A Greenpeace report shows that newly designed reactors Ontario proposes to build at the Darlington nuclear facility would produce long-lived waste two to 158 times more radioactive than waste from existing reactors in Canada, increasing costs and dangers to health and the environment.
Greenpeace Canada 31st May 2010 more >>
Some of the world’s biggest energy companies are stockpiling the nuclear fuel used to power reactors as they try to capitalise on rock-bottom uranium prices. An oversupply of nuclear fuel on international commodity markets has followed five successive years of rapid growth in uranium ore production in Kazakhstan, which has nearly quadrupled its output since 2004. Raw uranium prices have tumbled to around $40 per pound almost one quarter of the levels of $140 in 2007. About one third of the world’s total supply of nuclear fuel comes from Russian nuclear weapons that have been decommissioned as part of a disarmament agreement struck with the United States at the end of the Cold War. These supplies are being gradually depleted and are expected to fall away steadily in the next few years.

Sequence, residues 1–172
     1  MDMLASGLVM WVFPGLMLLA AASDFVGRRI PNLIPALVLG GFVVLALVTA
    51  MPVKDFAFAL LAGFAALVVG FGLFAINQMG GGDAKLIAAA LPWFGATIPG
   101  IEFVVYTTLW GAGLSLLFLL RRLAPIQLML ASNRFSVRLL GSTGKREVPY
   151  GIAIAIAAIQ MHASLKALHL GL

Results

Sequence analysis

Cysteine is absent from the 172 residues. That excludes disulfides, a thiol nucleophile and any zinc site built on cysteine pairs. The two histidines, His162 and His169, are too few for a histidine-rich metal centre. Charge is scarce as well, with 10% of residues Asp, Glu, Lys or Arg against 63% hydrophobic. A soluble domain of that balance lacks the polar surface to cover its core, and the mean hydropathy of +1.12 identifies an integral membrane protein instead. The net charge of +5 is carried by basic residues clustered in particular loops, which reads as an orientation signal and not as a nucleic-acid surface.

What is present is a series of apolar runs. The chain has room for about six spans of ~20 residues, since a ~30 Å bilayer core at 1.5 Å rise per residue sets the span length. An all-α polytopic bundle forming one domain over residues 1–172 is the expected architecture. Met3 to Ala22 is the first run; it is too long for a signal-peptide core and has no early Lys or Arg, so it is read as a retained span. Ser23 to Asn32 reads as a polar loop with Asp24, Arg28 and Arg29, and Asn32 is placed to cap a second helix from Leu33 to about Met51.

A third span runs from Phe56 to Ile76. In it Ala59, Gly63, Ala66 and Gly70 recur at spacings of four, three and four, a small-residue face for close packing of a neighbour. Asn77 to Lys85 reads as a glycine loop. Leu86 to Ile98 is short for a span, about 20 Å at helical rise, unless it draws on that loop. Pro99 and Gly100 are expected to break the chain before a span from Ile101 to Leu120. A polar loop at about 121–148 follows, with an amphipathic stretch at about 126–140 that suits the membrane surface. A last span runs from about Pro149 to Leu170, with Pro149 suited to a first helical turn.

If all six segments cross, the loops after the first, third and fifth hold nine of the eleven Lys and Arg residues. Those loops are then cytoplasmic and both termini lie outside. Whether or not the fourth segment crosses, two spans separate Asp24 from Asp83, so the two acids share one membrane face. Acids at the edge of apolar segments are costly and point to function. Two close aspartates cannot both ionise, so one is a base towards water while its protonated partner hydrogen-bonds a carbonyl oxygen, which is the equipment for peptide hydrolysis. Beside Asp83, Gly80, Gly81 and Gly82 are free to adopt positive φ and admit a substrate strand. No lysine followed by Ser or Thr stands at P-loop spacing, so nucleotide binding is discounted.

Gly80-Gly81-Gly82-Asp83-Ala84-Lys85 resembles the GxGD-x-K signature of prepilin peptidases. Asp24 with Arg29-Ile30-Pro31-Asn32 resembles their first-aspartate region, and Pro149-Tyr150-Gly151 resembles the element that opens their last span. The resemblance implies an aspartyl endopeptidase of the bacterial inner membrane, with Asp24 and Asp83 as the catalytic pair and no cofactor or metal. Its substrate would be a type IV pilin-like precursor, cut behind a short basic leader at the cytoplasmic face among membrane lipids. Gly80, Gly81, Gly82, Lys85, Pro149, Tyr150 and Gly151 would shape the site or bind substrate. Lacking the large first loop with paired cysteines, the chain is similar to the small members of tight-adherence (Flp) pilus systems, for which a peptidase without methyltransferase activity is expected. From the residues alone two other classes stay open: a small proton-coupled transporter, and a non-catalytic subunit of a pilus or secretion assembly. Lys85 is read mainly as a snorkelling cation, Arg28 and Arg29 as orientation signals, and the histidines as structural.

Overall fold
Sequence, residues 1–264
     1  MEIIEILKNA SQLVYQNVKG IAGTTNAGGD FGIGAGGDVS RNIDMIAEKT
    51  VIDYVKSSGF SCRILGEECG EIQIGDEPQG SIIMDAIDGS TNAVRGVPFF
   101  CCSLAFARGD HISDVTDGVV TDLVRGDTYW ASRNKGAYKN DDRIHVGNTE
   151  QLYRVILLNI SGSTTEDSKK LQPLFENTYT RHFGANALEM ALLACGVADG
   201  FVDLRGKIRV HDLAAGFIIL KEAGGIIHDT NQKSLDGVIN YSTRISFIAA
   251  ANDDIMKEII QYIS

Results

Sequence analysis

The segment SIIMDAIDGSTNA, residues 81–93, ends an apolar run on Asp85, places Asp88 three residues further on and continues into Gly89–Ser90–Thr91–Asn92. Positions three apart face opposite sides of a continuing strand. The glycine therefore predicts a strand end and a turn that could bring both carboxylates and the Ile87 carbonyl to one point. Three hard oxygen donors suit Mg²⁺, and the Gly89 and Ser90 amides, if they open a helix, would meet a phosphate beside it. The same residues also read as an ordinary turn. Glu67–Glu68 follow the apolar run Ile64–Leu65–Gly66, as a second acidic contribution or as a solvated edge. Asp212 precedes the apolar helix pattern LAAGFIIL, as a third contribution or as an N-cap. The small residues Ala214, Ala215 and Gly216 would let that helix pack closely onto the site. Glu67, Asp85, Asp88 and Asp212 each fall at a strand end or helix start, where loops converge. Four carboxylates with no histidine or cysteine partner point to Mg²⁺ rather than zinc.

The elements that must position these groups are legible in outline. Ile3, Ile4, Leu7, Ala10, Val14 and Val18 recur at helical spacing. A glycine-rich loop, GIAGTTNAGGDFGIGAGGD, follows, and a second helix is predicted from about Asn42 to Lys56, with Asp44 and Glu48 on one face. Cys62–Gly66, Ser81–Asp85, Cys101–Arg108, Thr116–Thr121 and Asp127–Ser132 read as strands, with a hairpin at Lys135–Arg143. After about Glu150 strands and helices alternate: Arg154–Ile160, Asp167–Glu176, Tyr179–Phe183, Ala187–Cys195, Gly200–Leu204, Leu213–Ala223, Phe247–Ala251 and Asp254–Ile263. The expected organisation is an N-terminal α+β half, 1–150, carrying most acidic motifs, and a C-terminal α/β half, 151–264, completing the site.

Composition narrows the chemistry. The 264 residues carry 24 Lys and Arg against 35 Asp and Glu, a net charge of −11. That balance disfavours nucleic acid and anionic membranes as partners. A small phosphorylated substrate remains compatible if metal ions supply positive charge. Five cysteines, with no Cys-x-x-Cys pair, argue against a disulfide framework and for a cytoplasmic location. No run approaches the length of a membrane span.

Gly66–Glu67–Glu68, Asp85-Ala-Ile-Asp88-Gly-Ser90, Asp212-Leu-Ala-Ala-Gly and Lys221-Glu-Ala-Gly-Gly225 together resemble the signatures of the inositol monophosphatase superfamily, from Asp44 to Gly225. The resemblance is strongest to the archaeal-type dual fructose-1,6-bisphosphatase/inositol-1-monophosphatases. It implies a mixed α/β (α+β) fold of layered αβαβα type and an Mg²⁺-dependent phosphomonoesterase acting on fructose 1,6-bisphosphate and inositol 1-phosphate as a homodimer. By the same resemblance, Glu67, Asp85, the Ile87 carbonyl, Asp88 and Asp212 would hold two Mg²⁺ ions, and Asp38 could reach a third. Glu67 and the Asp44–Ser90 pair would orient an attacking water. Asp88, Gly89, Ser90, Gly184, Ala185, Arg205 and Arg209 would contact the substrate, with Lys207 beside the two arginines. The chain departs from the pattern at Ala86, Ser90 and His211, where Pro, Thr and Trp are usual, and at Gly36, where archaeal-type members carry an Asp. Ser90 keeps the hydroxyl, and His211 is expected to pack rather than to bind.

Times 1st June 2010 more >>
British robots will help to dismantle a highly contaminated nuclear reactor at the Chernobyl plant in Ukraine. Amec, the engineering group that helps to run the Sellafield nuclear waste-processing plant in Cumbria, will use the remote-controlled devices to enter a highly radioactive zone inside the reactor to remove graphite sleeves surrounding nuclear fuel rods.
Times 1st June 2010 more >>